YUM! I am going into week 3 of Paleo and missed bread. This is yummy although I need I smaller pan because it’s short. Not that that matters, I eat it alone or with grass-fed butter anyway! 🙂 I did have flax seeds, just the ground flax. And I used coconut oil (not butter) and coconut cream. It came out great! I cooked it for 35 minutes because even though the toothpick came out clean, it still didn’t “look” done. 35 minutes was perfect! Thanks for the recipe!
Made it again to nights ago. Subsituted sour cream for the yogurt. And I had found a three pound bag of the Honeyville almond flour at Costco. (It was under S20 if I remember correctly.) The bread came out so wonderful. The flour made a huge difference. Next time I make the bread I will again separate the eggs though. I only have a loaf pan that is 9 by 5 inches so the bread does come out a little flatter than it should. Between the correct flour and fluffing the egg whites it should be very close to a regular loaf of bread.
I made this today and here’s what I used as far as brands: Bob’s Red Mill Superfine Almond Flour (made with blanched almonds-no skins), Bob’s Red Mill Arrowroot Flour, Tillamook Butter, Zoi Greek Yogurt, Kirkland Salt, Arm & Hammer Baking Soda, Bragg’s Apple Cider Vinegar, and ground & whole flaxseed from the bulk bins at WinCo. I also added maybe a tablespoon of honey and used extra large eggs. I read through most of the reviews and based on one I decided to mix the dry ingredients as stated and mix the wet ingredients leaving the egg whites out. I whipped the egg whites until soft peaks formed and then gently mixed wet and dry ingredients together. Lastly, I gently folded in the egg whites, poured the batter into a pan lined with ungreased parchment paper, and topped with whole flax seeds. I baked this in a 7.75″ x 3″ Fat Daddio bread pan at 350 degrees for 35 minutes. It is perfect. It even rose about an inch. Perfectly baked, sliced very easily (very little crumble), and made a delicious (not too eggy) turkey sandwich. I’m super impressed. Thanks for sharing this recipe!!
4. Raw food is for the birds (too much of it, anyway). There’s paleo, and then there’s the raw diet. Folks who eat raw tout the health benefits of the approach, saying that they’re accessing the full, complete nutrients available because they’re not heating, and thus destroying, their dinner. But that’s simply wrong. We cook to get our hands on more nutrients, not fewer. According to Wrangham, the one thing absolutely all cultures have in common is that they cook their food. He points out that women who move towards 100 percent raw diets often stop ovulating, because even if in theory they’re tossing sufficient food into the blender to fulfill their caloric needs, they simply can’t absorb enough from the uncooked food.

Hi Maya, I’m new to your website and I’m anxious to try out this bread recipe. I’m helping my 27 year old son lose some weight. He’s on some pretty potent medication that has caused him to crave carbs thus putting on quite a bit of weight over the past few years. Since I’m his caregiver and also a Certified Nutritionist, I’m looking for some healthy alternatives to make his transition a bit easier and he loves bread.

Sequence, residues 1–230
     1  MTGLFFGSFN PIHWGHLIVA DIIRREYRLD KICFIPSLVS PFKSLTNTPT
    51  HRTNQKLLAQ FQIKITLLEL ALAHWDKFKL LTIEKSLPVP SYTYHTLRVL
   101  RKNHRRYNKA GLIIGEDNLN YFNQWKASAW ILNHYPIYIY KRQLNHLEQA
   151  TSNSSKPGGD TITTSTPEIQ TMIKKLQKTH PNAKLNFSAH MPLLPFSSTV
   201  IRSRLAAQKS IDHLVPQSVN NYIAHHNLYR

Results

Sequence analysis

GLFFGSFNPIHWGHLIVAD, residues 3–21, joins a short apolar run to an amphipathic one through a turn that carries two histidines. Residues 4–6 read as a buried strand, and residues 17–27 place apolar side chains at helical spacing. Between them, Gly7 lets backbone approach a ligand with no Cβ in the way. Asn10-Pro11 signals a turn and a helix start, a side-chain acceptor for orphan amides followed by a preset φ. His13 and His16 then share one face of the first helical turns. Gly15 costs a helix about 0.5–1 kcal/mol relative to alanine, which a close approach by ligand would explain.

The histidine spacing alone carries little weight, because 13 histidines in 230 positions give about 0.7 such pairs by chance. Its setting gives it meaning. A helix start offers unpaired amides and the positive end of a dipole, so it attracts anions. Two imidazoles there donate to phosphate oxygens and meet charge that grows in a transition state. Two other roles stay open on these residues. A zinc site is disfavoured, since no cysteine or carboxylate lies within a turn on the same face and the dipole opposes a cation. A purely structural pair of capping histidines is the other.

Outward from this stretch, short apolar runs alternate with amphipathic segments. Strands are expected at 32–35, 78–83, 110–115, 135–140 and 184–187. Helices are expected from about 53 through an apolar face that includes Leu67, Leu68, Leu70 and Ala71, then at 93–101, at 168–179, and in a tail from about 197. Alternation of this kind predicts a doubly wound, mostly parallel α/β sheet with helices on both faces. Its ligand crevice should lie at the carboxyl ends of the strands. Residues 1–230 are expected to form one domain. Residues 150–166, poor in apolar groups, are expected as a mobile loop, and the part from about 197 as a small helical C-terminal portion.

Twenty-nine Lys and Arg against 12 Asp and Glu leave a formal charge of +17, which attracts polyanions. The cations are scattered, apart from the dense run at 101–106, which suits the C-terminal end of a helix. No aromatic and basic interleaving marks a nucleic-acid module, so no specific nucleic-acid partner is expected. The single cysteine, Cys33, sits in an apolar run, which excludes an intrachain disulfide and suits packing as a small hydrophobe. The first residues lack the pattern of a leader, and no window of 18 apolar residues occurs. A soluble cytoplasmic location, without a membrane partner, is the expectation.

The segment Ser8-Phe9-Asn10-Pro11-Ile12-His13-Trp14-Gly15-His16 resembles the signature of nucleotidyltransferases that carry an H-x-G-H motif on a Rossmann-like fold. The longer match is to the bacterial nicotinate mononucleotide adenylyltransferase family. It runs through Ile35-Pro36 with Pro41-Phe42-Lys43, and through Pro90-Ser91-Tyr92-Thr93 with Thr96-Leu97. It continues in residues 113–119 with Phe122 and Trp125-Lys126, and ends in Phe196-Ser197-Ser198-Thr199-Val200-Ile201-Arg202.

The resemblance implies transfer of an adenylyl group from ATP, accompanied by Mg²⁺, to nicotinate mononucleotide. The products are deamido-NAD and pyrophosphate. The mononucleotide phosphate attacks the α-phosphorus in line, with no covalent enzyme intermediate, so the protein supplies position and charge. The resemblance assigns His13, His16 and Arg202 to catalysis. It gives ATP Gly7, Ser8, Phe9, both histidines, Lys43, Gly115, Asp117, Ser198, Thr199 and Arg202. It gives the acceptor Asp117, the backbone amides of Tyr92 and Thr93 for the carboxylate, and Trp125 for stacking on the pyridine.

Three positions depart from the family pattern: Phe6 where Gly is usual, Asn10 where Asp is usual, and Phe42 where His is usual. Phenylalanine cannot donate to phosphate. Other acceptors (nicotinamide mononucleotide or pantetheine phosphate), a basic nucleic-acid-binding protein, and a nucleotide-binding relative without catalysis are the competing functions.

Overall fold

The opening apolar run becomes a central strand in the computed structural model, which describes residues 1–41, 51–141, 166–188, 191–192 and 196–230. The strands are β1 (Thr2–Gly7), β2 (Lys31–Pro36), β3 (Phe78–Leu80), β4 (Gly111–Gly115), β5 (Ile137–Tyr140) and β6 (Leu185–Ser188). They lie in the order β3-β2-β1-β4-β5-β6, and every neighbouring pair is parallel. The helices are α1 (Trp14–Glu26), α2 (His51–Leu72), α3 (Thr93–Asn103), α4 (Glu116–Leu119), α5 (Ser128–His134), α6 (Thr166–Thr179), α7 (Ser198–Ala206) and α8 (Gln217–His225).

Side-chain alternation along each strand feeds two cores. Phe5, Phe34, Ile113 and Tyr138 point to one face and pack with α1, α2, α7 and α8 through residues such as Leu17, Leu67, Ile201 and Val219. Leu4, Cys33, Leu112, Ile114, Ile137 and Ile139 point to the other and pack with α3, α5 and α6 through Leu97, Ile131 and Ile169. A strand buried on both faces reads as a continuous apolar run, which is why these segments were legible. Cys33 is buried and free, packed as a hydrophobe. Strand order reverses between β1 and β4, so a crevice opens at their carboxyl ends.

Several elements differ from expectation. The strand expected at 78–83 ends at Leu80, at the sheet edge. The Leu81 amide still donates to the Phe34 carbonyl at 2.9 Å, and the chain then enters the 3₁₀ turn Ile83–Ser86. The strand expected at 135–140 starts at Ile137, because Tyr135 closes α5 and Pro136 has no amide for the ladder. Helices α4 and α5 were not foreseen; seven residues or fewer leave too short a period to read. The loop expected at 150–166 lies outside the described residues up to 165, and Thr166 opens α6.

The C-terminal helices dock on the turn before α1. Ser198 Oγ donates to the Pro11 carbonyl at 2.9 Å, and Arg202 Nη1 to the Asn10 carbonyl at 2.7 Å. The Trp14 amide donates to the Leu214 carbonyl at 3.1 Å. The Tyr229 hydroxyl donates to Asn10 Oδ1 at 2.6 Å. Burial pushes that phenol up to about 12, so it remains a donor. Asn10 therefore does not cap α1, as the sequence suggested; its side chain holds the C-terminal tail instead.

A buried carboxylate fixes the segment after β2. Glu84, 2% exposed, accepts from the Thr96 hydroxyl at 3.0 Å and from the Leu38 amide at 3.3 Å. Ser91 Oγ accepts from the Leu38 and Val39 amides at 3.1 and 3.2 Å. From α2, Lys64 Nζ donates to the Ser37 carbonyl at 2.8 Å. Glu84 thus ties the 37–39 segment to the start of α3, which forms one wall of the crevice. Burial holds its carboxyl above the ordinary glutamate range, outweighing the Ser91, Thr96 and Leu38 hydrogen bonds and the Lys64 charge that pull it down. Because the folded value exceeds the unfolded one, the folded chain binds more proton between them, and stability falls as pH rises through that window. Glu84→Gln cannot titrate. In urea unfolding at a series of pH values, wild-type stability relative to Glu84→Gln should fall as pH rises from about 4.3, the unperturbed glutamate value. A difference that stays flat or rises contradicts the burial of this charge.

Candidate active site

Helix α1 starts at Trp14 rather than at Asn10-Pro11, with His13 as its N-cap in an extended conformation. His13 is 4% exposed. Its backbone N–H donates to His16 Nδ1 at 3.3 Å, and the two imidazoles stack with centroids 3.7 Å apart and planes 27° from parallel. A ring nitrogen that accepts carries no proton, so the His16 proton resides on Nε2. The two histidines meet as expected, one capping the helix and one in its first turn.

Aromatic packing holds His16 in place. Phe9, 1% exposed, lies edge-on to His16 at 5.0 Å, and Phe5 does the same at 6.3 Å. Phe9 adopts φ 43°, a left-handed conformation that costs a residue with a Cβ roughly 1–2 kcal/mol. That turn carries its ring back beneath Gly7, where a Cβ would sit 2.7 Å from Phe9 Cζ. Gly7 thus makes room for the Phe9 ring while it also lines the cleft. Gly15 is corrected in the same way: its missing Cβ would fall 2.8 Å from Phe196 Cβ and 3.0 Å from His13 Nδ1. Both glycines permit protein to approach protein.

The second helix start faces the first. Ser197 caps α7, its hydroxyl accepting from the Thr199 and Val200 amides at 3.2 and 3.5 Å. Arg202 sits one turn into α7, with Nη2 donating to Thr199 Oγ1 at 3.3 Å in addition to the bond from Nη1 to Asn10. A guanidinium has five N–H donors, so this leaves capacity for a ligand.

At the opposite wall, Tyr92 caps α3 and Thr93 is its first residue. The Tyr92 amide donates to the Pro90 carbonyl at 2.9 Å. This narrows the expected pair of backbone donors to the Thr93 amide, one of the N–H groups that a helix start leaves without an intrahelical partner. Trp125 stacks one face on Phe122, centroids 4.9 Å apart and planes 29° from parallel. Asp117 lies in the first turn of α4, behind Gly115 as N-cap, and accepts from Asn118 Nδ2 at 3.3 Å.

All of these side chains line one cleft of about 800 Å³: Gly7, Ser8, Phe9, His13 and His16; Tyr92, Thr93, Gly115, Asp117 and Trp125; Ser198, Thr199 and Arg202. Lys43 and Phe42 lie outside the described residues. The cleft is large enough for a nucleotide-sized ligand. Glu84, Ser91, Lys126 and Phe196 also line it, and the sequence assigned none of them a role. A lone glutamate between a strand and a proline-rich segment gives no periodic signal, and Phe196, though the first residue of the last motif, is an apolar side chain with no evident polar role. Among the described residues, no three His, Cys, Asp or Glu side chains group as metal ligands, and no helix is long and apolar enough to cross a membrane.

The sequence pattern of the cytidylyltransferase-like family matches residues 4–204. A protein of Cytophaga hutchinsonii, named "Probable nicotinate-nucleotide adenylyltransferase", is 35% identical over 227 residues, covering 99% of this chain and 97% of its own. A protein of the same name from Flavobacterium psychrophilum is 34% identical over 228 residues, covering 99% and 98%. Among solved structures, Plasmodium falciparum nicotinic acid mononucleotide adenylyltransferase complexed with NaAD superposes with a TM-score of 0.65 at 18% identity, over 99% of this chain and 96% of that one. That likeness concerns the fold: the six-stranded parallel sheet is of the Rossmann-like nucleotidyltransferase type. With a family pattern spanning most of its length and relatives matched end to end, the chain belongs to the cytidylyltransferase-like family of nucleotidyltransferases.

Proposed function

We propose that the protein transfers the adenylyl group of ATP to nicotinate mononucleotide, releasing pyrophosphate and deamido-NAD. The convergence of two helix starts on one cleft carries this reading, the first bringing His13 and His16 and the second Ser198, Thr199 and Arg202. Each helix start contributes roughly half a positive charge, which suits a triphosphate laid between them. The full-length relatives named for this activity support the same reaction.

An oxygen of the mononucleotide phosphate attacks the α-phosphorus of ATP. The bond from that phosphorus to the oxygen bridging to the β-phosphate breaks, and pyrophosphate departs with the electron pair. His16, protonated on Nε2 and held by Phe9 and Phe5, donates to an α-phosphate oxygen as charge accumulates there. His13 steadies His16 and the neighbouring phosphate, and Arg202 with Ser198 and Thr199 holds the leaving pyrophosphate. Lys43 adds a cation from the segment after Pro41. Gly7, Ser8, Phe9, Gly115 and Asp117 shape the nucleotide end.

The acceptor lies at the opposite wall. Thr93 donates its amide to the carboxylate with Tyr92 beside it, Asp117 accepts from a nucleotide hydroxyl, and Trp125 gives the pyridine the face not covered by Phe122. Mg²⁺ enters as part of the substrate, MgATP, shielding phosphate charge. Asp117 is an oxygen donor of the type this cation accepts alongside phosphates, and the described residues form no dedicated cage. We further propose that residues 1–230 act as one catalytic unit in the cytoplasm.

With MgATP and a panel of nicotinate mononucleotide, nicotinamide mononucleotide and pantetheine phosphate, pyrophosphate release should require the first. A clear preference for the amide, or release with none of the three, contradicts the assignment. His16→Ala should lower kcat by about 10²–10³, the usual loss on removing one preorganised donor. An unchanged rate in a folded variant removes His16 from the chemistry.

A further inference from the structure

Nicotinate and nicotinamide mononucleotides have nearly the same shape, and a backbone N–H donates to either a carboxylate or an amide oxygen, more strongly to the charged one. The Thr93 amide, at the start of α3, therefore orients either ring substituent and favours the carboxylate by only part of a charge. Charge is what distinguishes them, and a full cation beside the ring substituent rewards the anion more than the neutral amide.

Hi Adriana, thank you for this recipe. My youngest son has to eat gluten free and I’m trying to find a recipe for bread that he really likes (none so far). It’s just in the oven and I hope it turns out okay, because the batter wasn’t a batter, it was more of a dough… I followed your recipe to the letter: same ingredients, no overmixing… Do you have any idea what could have happened? https://www.youtube.com/watch?v=zHJMOgzbI3w
I’ve been thinking about bringing paleo-friendly bread and rolls to LCK for some time now. But I knew before I did that I needed to make sure they fit specific criteria. They need the right flavor and fluffy, soft, air-y, bread-like texture. You see, I’ve never bothered buying gluten-free breads in the store. I never thought it was worth it because I always felt they were dense, not the right flavor, etc.
When I make this easy bread recipe, I weigh the zucchini and then use the food processor’s grater attachment to grate the zucchini right onto the batter, which is another time saving step! While this recipe is perfect for the end of summer when your garden is overflowing with zucchini, we also love to make this over the holidays to give to friends.
I made the amended version, further substituting organic coconut sugar for the honey, and it is excellent! I made mine in a standard loaf pan in a convection oven and it reduced the baking time to 20 minutes. This is my first foray into paleo/anti-candida eating, and I’m excited at how tasty and satisfying this bread is. It is moist, dense and flavorful with a great texture. So glad I found your website!
Well… it turned out beautifully. It rose evenly, it was light, fluffy and baked through. It tasted very good, both plain and toasted with butter. I truthfully do not know if I would add the butter the next time I make a loaf because I was so pleased with this version. I will likely reduce the erythritol to 1 tablespoon or less for a more subtle sweetness in the future. This recipe has so many flavour possibilities and I look forward to trying out all of my ideas using this excellent base. It is also good to know that it can be made without the additional fat component. Don’t get me wrong, I am keto and a committed high fat enthusiast but slathering some fat on top of the bread… butter, pâté, nut butter… will work just fine for me. https://www.youtube.com/watch?v=qhHk0A302YM